Feature photo: An outcrop showing boudinaged felsic leucosomes and quartzofeldspathic domains. The location is along the south bank of the South Anna River a few yards east of Route 673, Rockville, VA.

Article and photos by FMN Stephen Tzikas

Every autumn the Virginia Geological Field Conference (VGFC) provides geologists, university students, and the public an opportunity to participate in a geologic field excursion within the State. In 2022 the event was held November 11-12 and explored the Goochland Terrane, just west of Richmond, VA. Attendance levels usually necessitate the need for two coach buses to transport the participants to the various locations on the agenda. The event is usually hosted by universities, community colleges, and/or State organizations. The field experience is invaluable. The VGFC website provides the details and should be monitored: https://vgfc.blogs.wm.edu/

These conferences and field trips are not just found in Virginia, but they are not available in every state. Fortunately for Virginia Master Naturalists, our neighboring States have very active programs as well:

I highly recommend these State excursions as learning experiences for Fairfax Master

This is one of the many outcrops at Hidden Rock Park in Goochland, VA. These leucogranite dikes display boudinage structure.

Naturalists, even though only the VGFC excursion is applicable as FMN CE training.*  I have been to several of these and they are excellent, especially the ones found in northern states offering glacial geology exploration opportunities.

There were plenty of boudins at visited locations in the 2022 VGFC site itinerary. A boudin is a geological term for structures formed by extension (stretching), forming sausage-shaped boudins.

Photo: Close-up of the center of the outcrop in the photo to the right, above.

*Fairfax Master Naturalists: Enter CE using All continuing Ed ->Other and then make a note of the trip in the description field.

Welcome Fairfax Tree Stewards

Cover photo: Public Domain

In January 2023, the FMN board approved a chapter partnership with Fairfax Tree Stewards (FTS). FTS is an educational, non-profit, volunteer organization providing specialized training and certification focusing on trees. It is a program under the auspices of Trees Virginia, registered with the state as Virginia Urban Forest Council and is a private, non-profit organization whose mission is to enhance the quality of life through the Stewardship of our Commonwealth’s urban and community trees. Founded in September 1990 and incorporated in June 1991, the organization works to promote an awareness of our community forests and the value of trees. Approved chapters, such as FTS, use the newly updated Manual to form the basis of training classes, and FTS will supplement book learning with hands on field classes on tree selection, tree planting, tree pruning and tree ID by season.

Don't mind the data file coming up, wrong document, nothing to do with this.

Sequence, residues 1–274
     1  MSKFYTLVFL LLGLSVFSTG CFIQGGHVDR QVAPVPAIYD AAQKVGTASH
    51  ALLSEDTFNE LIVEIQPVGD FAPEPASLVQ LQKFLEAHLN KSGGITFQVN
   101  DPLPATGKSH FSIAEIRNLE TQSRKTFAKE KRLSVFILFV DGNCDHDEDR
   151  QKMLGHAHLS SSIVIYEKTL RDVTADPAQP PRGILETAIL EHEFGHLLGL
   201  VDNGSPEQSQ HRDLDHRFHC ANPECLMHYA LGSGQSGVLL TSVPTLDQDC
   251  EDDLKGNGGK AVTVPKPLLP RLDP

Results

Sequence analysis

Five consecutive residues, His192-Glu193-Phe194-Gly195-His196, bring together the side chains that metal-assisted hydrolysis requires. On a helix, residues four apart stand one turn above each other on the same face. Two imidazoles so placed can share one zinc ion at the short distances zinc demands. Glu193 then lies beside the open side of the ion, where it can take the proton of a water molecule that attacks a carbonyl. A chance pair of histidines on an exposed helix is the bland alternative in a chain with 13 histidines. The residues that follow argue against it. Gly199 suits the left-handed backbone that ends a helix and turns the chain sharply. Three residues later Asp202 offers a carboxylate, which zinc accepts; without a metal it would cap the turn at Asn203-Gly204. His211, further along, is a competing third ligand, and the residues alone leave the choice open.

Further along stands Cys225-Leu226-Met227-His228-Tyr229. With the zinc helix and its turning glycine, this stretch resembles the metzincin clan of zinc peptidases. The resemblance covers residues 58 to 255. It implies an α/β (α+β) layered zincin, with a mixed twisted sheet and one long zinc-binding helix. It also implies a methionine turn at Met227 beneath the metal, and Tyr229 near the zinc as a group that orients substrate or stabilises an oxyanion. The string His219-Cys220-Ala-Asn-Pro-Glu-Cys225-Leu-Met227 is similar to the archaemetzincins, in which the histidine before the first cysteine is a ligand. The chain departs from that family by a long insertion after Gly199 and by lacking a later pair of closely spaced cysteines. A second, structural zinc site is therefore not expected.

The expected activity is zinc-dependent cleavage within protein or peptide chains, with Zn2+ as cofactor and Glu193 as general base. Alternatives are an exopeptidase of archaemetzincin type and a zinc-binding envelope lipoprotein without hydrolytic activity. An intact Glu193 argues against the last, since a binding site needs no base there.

The first FTS certification class, scheduled for February 2023, is full and includes a few FMNs. FTS is an approved CE organization and service codes for collaborative projects have been created in BI for use by FMN volunteers as projects develop.

Habitat creation and restoration – E405: Educational Projects Fairfax Tree Stewards – – FTS
Educational project code for Fairfax Tree Stewards (FTS).
Educational Projects could be advising a homeowner or association on proper tree selection and planting, education about maintenance, developing resource lists, or FTS tabling events at selected locations in Fairfax County.
When recording these hours in BI, ‘FTS’ should be entered as the Project Organization.

Habitat creation and restoration – S405: Stewardship Projects Fairfax Tree Stewards – – Department of Forestry (VDoF)
Stewardship project code for Fairfax Tree Stewards (FTS).
Stewardship Projects could be helping a homeowner or association with proper physical design, planting, tree pruning, or maintenance, at selected locations in Fairfax County.
When recording these hours in BI, ‘Department of Forestry (VDoF)’ should be entered as the Project Organization.

To participate in FTS projects, one must be a certified Fairfax Tree Steward along with being an FMN member.

Please see FTS website for more information.

FMN and FTS contact is Jeanne Kadet: [email protected]

5th Annual Prince William Native Plant Symposium, February 11th

Photo: Butterfly Bush Pollinators by FMN Ana Ka’ahanui

Saturday, February 11, 2023
9:00 am – 4:00 pm

This is a hybrid event.
Participants can either choose to join in-person, or online.